For me, this discussion rises the question, if there should be special techniques
for 31-bit-software running below the bar to access storage areas above the bar.
Because: the impact on existing software and compilers would be enormous,
if all pointers would have to be enlarged to 8 bytes.
So: is there a need to have two classes of pointers, some of them able to
access storage above the bar? And special function calls and language
constructs to create and access areas above the bar?
Of course, you can do it with ASSEMBLER or C language subprograms,
then you don't need AMODE 64 versions of PL/1 or COBOL with RMODE
below the bar. The subprograms have to copy the relevant parts of the area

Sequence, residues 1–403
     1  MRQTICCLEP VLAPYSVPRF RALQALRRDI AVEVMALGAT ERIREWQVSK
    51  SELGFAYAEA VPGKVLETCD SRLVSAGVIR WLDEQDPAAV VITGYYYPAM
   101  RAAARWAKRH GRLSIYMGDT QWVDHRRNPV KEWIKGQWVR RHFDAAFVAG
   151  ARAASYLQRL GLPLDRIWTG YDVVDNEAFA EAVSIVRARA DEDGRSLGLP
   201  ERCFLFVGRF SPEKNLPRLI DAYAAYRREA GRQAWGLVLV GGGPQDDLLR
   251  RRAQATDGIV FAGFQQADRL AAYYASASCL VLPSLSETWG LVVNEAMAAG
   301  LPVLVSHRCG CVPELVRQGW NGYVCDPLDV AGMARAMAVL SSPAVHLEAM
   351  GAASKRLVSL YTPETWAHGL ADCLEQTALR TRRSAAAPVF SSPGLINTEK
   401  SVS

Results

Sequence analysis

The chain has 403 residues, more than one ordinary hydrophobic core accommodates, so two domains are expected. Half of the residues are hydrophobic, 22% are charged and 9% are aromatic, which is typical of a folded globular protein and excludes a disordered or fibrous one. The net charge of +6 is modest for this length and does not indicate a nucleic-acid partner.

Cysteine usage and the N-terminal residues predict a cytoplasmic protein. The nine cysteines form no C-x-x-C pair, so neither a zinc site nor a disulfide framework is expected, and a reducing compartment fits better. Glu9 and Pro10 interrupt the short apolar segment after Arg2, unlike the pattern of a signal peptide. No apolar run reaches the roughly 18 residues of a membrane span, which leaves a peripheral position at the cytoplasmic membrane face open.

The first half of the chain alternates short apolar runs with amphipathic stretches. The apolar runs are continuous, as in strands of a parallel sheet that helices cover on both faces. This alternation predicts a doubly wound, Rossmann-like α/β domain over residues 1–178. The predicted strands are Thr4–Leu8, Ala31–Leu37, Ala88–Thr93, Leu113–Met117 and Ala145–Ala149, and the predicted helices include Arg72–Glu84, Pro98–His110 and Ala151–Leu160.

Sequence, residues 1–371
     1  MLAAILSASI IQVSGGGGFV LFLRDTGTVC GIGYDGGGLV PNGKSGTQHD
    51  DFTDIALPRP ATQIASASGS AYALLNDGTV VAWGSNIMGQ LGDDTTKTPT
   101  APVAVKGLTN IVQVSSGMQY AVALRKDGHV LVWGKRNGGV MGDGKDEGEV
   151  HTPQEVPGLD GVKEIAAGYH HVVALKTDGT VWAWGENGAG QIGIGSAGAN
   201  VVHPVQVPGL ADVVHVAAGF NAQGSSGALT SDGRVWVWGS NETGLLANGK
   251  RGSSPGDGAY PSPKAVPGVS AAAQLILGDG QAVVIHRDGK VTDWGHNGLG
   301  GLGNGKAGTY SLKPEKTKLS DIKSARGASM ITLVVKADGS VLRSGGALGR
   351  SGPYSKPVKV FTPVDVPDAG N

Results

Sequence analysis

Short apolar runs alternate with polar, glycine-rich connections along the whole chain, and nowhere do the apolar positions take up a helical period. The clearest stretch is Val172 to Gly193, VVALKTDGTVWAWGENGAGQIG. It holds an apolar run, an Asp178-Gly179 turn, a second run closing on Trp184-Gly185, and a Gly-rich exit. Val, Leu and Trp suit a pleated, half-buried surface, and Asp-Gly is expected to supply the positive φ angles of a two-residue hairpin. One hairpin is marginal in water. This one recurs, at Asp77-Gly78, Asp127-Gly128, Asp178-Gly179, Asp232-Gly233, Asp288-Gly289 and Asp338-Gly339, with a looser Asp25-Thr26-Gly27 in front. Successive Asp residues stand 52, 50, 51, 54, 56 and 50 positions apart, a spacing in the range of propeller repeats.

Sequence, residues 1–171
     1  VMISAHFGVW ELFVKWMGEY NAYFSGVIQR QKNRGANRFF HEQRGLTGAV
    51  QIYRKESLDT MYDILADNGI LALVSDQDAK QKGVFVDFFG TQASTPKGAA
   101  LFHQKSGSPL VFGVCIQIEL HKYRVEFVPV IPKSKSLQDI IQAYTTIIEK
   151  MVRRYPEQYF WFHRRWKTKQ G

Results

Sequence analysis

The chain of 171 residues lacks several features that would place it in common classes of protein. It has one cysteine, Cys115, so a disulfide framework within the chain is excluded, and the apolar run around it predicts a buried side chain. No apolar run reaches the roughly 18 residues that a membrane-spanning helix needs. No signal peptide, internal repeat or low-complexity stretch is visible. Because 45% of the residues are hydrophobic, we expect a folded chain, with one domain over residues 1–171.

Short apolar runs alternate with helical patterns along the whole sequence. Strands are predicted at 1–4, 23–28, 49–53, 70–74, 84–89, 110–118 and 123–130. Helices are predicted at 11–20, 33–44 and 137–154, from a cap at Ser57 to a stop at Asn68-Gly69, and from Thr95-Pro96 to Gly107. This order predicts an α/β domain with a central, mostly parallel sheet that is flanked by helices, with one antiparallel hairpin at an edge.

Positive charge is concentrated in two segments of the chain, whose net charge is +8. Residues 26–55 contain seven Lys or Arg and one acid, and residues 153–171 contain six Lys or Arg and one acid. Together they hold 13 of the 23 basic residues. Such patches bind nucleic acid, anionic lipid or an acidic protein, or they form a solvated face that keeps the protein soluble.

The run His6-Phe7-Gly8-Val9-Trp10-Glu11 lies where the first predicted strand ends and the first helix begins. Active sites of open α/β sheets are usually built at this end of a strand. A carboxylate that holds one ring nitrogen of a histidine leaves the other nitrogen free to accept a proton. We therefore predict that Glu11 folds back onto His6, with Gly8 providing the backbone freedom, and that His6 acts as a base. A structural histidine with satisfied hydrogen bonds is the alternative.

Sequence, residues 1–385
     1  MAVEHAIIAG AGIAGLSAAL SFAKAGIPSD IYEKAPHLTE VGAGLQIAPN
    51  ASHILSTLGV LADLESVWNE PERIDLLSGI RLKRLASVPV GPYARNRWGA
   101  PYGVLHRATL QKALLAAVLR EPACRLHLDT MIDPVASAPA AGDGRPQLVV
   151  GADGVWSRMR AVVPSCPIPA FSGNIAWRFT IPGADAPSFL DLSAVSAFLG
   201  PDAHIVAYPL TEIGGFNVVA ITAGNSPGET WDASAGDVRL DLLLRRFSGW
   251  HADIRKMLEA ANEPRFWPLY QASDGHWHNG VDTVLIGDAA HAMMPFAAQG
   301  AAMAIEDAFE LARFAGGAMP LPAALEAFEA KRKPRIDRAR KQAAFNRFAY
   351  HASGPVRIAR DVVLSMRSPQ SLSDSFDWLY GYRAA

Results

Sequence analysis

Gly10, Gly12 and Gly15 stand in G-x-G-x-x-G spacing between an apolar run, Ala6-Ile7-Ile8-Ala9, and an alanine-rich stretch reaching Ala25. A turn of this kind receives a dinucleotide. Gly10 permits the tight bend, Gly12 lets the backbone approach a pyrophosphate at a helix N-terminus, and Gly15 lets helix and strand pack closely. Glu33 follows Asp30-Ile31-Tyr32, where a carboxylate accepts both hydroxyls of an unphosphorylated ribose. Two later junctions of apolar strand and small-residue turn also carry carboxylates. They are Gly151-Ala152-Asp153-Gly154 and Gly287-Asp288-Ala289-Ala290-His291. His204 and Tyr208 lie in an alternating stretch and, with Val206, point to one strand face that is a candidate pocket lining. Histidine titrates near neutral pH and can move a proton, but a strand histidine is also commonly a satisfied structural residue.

into below-the-bar-storage (think of a key/data-interface that gets a page
or so from the large area above the bar).
What do you think about this? For the existing PL/1 code base, for example,
it would be a big change if all pointers would be 8 bytes long ... I don't see
this happen in the near future.
Am 18.01.2015 um 03:30 schrieb S.T.:
> No, you do not understand. I was answering Tom on why COBOL should be made to
> have access to data above the bar (2GB address range) now, not later.
> That a COBOL program can't execute in the area above 2GB is a completely different issue.
> On 01/17/2015 01:52 AM, M.M. wrote:
>> Dear S.
>> As I understand from your explanations, compiling COBOL in 64 bit mode is not useful.
>> But the question is that this much of addressable of memory (64 Bit ) is for what ?
>> Because as I know most the applications in mainframe are developed by COBOL and C.(Mostly COBOL)
>> Best regards M.